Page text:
A few minutes later, Joe Lawless saw the District Inspector Smyth lying on the ground and still breathing: ‘He still lay as he fell – as I came along – feet on bank and head near the edge of the roadside and although his brain matter spattered the grass beside him he yet lived, his breath coming in great gasps at long intervals, in the minute or so I watched him. Then he was still and the muscles of his face relaxed.’

District Inspector Harry Smyth was born in Hertfordshire, England, and was aged 25 years when mappointed to the R.I.C. He married a Leitrim woman, Georgina Eveleen, in August 1901 and they had four children. He was buried in the grounds of the Church of Ireland in Ardbraccan, County Meath.

Sergeant John Shanagher

John Shanagher was born in County Roscommon and was aged 23 years when appointed in January 1891. He was promoted to permanent sergeant in May 1907. Newspaper reports stated that Serg. Shanagher was with County Inspector Gray in the first car of the convoy and was shot through the heart almost as he was leaving his car. The sergeant fell into a channel of water near the cross and presented a gruesome spectacle when the battle ended. He was thrown into the channel in a sitting position and was found dead still wearing his helmet. Volunteer Jerry Golden gave the view from the other side:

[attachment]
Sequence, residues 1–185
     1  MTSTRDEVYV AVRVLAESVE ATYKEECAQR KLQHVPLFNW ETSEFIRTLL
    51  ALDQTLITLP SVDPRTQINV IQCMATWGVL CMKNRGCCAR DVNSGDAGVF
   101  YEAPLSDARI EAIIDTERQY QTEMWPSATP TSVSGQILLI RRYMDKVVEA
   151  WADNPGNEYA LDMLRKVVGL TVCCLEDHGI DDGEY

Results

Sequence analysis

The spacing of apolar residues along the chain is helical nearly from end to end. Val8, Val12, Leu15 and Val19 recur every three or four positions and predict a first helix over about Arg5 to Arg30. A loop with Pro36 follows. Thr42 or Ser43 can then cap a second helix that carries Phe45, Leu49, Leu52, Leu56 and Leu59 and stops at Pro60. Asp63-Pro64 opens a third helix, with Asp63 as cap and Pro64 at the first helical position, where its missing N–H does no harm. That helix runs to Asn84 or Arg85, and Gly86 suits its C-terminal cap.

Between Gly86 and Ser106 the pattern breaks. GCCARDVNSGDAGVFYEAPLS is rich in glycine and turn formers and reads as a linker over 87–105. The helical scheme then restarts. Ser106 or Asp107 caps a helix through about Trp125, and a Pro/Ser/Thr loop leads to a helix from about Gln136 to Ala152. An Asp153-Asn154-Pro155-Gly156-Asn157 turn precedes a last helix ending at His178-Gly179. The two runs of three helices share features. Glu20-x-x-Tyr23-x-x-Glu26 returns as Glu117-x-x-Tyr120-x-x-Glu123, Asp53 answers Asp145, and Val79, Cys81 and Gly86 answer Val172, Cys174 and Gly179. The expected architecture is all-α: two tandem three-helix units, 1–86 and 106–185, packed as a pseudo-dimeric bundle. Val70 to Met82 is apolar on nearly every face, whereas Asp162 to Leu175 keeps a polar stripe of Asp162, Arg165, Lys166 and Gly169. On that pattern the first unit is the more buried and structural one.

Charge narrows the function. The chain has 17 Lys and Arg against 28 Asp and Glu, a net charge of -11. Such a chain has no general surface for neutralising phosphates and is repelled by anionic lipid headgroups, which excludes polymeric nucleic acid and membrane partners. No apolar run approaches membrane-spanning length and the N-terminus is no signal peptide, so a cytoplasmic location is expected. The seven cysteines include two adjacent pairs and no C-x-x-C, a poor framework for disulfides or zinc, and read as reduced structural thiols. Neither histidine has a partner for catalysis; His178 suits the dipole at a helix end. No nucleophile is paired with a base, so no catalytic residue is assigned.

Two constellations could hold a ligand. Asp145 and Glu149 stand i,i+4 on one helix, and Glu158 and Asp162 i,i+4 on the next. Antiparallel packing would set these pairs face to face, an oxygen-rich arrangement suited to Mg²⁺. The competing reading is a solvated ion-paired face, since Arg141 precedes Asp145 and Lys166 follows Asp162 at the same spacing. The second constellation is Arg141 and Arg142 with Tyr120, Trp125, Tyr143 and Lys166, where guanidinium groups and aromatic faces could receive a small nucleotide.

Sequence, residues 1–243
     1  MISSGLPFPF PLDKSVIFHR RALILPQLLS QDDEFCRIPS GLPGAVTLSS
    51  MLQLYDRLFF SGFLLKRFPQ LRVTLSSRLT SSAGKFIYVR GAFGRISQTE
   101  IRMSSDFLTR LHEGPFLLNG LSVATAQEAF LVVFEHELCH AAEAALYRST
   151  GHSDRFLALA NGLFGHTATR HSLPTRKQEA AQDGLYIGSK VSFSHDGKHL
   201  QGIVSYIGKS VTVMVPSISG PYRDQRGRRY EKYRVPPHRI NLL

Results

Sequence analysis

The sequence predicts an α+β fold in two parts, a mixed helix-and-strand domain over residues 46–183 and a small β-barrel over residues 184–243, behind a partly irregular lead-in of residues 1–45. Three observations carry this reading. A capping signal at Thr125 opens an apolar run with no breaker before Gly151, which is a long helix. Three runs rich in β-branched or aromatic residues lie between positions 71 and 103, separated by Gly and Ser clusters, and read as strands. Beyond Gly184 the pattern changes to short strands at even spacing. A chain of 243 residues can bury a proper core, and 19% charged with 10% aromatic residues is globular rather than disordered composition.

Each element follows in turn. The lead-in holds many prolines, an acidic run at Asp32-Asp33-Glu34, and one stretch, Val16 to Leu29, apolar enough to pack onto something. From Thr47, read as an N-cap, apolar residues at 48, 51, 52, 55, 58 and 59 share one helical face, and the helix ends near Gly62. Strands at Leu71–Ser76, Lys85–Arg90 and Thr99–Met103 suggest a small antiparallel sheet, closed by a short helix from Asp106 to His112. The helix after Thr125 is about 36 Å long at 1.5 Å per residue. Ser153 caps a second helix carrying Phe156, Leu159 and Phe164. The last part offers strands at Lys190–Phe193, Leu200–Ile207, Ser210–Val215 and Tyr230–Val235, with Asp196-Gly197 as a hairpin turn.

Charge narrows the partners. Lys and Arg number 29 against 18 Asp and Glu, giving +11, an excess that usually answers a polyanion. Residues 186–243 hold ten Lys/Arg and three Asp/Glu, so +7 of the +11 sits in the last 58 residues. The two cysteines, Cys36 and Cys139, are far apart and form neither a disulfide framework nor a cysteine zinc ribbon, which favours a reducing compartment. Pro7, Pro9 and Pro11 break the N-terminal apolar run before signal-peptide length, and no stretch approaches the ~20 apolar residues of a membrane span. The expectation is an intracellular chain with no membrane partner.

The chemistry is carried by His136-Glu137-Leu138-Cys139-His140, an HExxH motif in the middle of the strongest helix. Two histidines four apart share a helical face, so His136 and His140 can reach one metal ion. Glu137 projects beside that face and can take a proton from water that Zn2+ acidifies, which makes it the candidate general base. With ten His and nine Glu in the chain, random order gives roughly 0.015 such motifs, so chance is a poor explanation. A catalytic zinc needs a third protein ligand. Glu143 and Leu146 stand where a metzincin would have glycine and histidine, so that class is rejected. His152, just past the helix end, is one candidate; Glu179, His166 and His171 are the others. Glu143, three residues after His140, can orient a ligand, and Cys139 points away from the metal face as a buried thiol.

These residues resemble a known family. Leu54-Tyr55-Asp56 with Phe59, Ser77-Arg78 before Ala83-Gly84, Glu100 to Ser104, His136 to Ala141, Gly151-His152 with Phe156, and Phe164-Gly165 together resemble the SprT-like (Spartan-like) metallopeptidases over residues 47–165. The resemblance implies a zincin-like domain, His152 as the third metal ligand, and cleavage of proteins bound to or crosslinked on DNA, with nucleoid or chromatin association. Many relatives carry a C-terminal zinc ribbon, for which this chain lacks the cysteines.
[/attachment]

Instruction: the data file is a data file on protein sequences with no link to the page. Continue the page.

‘We were about two minutes firing at the motor cars when we saw one of the police step out of the front one and attempt to cross the road to a cutting in the bank which would give him cover to fire on us. He was just in the middle of the road when I saw Mick McAllister step out on the footpath raise his rifle and fire at the man who staggered into the cutting and fell against the side of it with his rifle pointed down the road at us who were at the Cross Roads and only about 60 yards from us. Thinking he was about to fire at us, Mick Fleming, Dick Aungier and myself had shots at him but we saw no replying shot and concluded he was either seriously wounded or dead.’

Volunteer Joe Lawless described how he came across the dead body of Sergeant Shanagher at the end of the battle: ‘There he crouched, sitting on his heels as I came up, with his rifle across his knees, and getting no response to my order to him to get out on the road, I pulled him by the shoulder to find that he was not only dead but quite stiff. The body toppled over towards me and remained in its crouched form, still grasping his carbine with the right hand at the small of the butt.’

The Chairman of Navan Magistrates described Sergt. Shanaher ‘as an officer of the highest efficiency and integrity.’ Mr JP Timmons made special reference to Sergt. Shanaher who he said by his rugged honesty had so won the esteem of the people that even those unfortunates whom he was sometimes compelled to deal with cried when they heard of his death’.

On Sunday evening 30th April the remains of Sergeant Thomas Shanagher arrived in Strokestown by motor whereupon the coffin was placed in a hearse. A large concourse of police and people followed the hearse to Killina chapel where the remains were laid until the following Monday when all that was mortal of that ill-fated sergeant was laid to rest in the family plot at Killina cemetery.

Sergeant John Young

A native of County Cavan and aged 23 years when appointed in November 1896, Sergeant John Young was made full sergeant in October 1913. He married a Donegal woman in August 1912.